292. Telegram From the Department of State to the Embassy in the Congo0

1627. Embtels 1419,1 1432,2 1436.3 We approve your efforts encourage Bomboko and others avoid actions leading to civil war and gather from your reporting (latest Embtel 1452)4 you optimistic Gizenga regime can be overthrown or neutralized by political means backed by economic pressure. Also agree your doubts re possibilities military solution without serious fighting (Embtel 1450).5

On other hand we cannot discount possibility that political efforts may fail or may drag on while Gizenga consolidates and strengthens his position with outside aid. In such eventuality, which would in effect constitute failure UN military mission, we would hardly wish to [Page 644] be in position of urging Kasavubu and allies to continue rely on UN to insulate Congo against outside force. It would follow that we would not discourage military action such as that outlined Embtel 1450 which held good promise of being successful. It follows further that we should not actively discourage current planning and build up for such eventuality. It should be made clear however that we convinced full-scale military operations not now in KasavubuMobutu interest.

Our basic reasons for this position are 1) military operations would almost certainly be interpreted by UN itself and great majority its members as defiance UN Congo effort and run great risk bringing Mobutu forces into direct conflict UN forces (e.g. current reports Bukavu situation). Encouragement such operations on our part would constitute reversal our firm policy of support for UN Congo operation; and 2) Mobutu military action could well be used as excuse, which would appear justified to entire Afro-Asian group, for more overt and effective outside aid to Gizenga, thus contributing to East-West military confrontation in Congo under conditions which would enlist minimal neutralist support on side of West.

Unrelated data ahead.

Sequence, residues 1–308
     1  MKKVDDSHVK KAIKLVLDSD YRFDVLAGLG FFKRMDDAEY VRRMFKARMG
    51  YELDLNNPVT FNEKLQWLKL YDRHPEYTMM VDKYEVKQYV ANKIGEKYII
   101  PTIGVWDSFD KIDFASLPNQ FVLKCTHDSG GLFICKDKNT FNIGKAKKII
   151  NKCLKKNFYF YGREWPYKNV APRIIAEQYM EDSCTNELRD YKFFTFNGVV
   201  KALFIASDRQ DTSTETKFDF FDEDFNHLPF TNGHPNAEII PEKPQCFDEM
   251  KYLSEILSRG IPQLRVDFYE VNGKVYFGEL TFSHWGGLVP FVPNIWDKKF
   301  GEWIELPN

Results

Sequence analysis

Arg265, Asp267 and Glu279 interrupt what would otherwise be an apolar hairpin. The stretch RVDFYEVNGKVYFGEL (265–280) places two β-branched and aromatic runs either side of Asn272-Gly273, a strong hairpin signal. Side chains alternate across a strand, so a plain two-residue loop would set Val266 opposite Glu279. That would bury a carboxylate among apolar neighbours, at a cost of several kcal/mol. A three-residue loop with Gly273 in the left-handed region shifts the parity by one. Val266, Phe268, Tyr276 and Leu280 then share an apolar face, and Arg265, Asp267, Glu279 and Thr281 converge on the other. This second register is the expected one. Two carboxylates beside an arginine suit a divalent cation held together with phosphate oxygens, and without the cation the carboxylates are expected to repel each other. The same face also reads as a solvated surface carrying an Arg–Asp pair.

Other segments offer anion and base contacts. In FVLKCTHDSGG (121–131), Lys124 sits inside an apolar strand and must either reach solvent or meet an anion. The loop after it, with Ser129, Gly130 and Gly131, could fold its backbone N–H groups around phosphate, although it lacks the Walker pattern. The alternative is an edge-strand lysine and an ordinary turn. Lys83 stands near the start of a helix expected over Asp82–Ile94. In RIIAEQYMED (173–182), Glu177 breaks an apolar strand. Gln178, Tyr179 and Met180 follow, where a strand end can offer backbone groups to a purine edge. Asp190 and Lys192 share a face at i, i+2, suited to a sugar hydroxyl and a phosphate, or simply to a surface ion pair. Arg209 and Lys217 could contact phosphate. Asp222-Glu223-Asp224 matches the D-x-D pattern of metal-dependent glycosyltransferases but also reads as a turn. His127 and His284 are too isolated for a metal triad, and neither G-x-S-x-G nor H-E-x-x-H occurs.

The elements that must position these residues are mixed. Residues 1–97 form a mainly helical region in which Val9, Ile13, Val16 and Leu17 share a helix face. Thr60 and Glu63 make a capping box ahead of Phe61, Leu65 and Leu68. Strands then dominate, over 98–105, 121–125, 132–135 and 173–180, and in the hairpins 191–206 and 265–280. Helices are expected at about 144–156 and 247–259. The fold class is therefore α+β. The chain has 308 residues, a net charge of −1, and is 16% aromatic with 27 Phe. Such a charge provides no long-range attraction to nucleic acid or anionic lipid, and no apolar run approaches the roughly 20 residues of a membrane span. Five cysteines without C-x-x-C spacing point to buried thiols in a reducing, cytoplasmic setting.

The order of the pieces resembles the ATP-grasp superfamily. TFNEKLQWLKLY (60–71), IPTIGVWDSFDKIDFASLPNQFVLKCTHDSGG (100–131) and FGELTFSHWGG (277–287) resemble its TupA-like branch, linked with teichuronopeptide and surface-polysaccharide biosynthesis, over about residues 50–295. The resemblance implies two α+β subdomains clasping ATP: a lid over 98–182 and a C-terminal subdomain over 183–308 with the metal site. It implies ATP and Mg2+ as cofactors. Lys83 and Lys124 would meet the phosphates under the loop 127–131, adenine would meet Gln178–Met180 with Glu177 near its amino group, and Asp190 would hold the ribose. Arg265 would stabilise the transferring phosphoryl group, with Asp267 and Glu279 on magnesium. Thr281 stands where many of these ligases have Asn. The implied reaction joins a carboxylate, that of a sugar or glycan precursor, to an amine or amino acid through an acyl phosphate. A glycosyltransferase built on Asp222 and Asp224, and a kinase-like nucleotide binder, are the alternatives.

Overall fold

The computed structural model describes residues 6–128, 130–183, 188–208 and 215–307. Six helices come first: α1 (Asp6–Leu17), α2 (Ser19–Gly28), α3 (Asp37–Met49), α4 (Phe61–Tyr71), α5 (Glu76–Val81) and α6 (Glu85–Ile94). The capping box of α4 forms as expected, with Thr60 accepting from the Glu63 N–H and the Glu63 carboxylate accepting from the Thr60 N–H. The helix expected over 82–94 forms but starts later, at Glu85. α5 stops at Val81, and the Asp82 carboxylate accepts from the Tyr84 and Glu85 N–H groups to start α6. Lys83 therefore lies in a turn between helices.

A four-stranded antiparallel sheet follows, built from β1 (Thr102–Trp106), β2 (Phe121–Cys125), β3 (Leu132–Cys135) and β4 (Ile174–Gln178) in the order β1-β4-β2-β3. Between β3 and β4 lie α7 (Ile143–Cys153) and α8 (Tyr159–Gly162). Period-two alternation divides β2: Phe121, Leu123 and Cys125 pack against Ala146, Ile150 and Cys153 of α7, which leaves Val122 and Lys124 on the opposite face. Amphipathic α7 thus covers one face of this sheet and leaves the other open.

1. Source: Department of State, Central Files, 770G.00/12–060. Secret; Priority; Limit Distribution. Drafted by Penfield, cleared with Cumming and David A. Korn of S/S, and approved by Merchant. Repeated to Brussels and USUN.
  2. Telegram 1419 from Léopoldville, December 21, indicated there was a chance to elicit the backing of some Lumumba followers for a government of moderates, which could command parliamentary support. Timberlake advocated the convening of a round-table conference prior to the formation of a government. (Ibid., 770G.00/12–2160)
  3. Telegram 1432 from Léopoldville, December 26, relayed the substance of a conversation between the Ambassador and Ethiopian Major General Iyassu Mengesha, who intended to travel to Stanleyville. Unlike Dayal, he believed that the United Nations should assume full control in the province. (Ibid., 770G.00/12–2660)
  4. Telegram 1436 from Léopoldville, December 27, reported a meeting with Bomboko in which Timberlake attempted to persuade him of the wisdom of avoiding actions which could lead to civil war. Timberlake suggested that economic factors might shortly undermine the Gizenga regime and that negotiations might forestall violence. (Ibid., 770G.00/12–2760) In telegram 1429 from Léopoldville, December 24, Timberlake predicted economic collapse in Stanleyville in 2 to 4 weeks and expressed his preference for a negotiated political settlement. (Ibid., 770G.00/12–2460)
  5. Telegram 1452 from Léopoldville, December 30, reported the prospect of defections from the Gizenga camp in Orientale. (Ibid., 770G.00/12–3060)
  6. Telegram 1450 from Léopoldville, December 30, reported that Mobutu planned a three-pronged attack on Orientale Province on December 31. The Embassy indicated that it was not as optimistic as the authors of the plan that Gizenga and company would flee without fighting. (Ibid.)